During fMRI imaging, 12 good and 8 poor writers aged 11 wrote a newly taught pseudoletter and a highly practiced letter. Both letters were formed from the same components, but the pseudoletter had a novel configuration not corresponding to a written English letter form. On the first fMRI contrast between the newly taught pseudoletter and highly practiced letter, based on a group map, good and poor writers significantly activated many common regions; but the poor writers showed spatially more extensive brain activation than did the good writers. The additional regions of significant activation may reflect inefficiency in learning a new letter form. For the second contrast between the highly practiced and newly taught letters, individual brain activation analyses, based on exact clusters, showed that good and poor writers differed significantly in activation only in left fusiform. This individual fusiform activation correlated significantly with behavioral measures of automatic letter writing and expressive orthographic coding. Multiple regression in which both individual fusiform activation and individual orthographic coding were entered explained significant variance in written composition. Results are discussed in reference to the role of the orthographic loop, from internal letter form to external letter writing by hand, in writing letters and composing. The overall results are consistent with prior brain and behavioral studies of writing.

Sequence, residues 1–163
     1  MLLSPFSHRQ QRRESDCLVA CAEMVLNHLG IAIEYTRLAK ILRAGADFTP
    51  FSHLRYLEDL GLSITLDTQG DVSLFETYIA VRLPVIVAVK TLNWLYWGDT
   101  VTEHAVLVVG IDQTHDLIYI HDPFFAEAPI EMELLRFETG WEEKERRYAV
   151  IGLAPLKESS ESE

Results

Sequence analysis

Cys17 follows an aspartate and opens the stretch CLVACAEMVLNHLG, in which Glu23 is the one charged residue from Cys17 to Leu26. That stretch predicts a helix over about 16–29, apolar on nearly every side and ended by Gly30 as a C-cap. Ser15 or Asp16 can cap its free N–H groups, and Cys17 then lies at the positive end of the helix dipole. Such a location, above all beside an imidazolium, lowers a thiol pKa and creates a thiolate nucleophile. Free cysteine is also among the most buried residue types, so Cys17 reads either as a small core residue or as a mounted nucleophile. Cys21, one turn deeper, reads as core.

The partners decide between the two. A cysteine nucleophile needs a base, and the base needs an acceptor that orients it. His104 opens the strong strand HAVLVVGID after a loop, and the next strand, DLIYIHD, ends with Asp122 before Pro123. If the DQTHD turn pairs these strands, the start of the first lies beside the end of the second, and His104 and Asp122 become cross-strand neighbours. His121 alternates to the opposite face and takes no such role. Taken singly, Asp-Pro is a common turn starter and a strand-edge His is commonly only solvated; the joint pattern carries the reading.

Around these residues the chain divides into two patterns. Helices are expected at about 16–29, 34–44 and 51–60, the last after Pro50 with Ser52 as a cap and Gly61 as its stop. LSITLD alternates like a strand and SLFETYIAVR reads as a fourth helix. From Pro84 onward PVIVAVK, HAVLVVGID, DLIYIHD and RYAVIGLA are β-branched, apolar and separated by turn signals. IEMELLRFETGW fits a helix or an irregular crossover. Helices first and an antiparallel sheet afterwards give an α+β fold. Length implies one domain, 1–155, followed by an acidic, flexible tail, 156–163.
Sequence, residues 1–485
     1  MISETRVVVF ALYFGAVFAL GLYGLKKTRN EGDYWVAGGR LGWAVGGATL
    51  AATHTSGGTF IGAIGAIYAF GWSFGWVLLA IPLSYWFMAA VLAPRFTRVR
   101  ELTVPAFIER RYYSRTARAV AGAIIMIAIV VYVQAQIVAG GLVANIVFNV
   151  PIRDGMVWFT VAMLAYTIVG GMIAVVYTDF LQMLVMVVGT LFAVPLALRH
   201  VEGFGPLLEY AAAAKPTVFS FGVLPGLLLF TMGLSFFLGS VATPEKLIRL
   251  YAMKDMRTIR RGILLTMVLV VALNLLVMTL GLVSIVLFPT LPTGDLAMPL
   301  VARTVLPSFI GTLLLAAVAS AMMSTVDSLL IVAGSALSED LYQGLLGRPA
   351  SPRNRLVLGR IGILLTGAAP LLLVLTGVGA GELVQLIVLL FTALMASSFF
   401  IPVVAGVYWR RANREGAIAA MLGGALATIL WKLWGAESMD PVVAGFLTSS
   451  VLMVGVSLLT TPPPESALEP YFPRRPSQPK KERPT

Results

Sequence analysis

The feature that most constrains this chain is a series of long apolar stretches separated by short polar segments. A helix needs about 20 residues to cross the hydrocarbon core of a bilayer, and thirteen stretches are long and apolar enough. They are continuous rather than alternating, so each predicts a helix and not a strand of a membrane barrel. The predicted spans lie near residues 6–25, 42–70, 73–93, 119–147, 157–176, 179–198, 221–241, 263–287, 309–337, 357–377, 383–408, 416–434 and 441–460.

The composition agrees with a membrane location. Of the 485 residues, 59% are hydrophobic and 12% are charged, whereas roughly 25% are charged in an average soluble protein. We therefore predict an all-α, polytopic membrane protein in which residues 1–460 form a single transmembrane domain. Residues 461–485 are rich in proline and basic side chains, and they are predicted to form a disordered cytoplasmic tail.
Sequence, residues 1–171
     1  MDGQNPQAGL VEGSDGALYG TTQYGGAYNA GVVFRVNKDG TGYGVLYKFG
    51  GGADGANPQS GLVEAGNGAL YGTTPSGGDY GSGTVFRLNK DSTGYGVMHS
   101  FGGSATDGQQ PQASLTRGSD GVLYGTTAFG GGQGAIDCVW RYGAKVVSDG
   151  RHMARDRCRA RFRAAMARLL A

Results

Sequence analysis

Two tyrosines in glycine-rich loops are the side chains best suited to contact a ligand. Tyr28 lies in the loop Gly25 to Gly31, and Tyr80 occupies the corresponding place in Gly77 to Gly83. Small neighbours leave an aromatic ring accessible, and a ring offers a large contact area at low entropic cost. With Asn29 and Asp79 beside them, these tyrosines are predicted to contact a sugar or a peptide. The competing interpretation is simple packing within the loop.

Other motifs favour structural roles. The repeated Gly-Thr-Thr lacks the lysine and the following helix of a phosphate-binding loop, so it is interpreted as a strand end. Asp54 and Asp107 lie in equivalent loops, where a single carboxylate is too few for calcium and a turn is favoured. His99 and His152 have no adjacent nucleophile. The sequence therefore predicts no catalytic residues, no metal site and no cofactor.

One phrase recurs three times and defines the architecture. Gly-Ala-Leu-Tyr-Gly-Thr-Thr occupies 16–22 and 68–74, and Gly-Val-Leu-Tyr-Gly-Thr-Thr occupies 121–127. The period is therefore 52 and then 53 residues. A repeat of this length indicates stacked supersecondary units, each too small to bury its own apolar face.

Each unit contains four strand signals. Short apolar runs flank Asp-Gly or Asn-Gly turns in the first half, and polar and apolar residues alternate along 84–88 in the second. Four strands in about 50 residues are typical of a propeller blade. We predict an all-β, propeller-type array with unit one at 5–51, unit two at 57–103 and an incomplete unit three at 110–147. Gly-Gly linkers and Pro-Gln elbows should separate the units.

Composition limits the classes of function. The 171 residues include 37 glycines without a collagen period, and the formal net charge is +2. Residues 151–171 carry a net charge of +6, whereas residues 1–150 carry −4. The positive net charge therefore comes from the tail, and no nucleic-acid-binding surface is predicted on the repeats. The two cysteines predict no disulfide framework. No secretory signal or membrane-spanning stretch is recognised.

Reading and Writing – Springer Journals
Published: Oct 31, 2009
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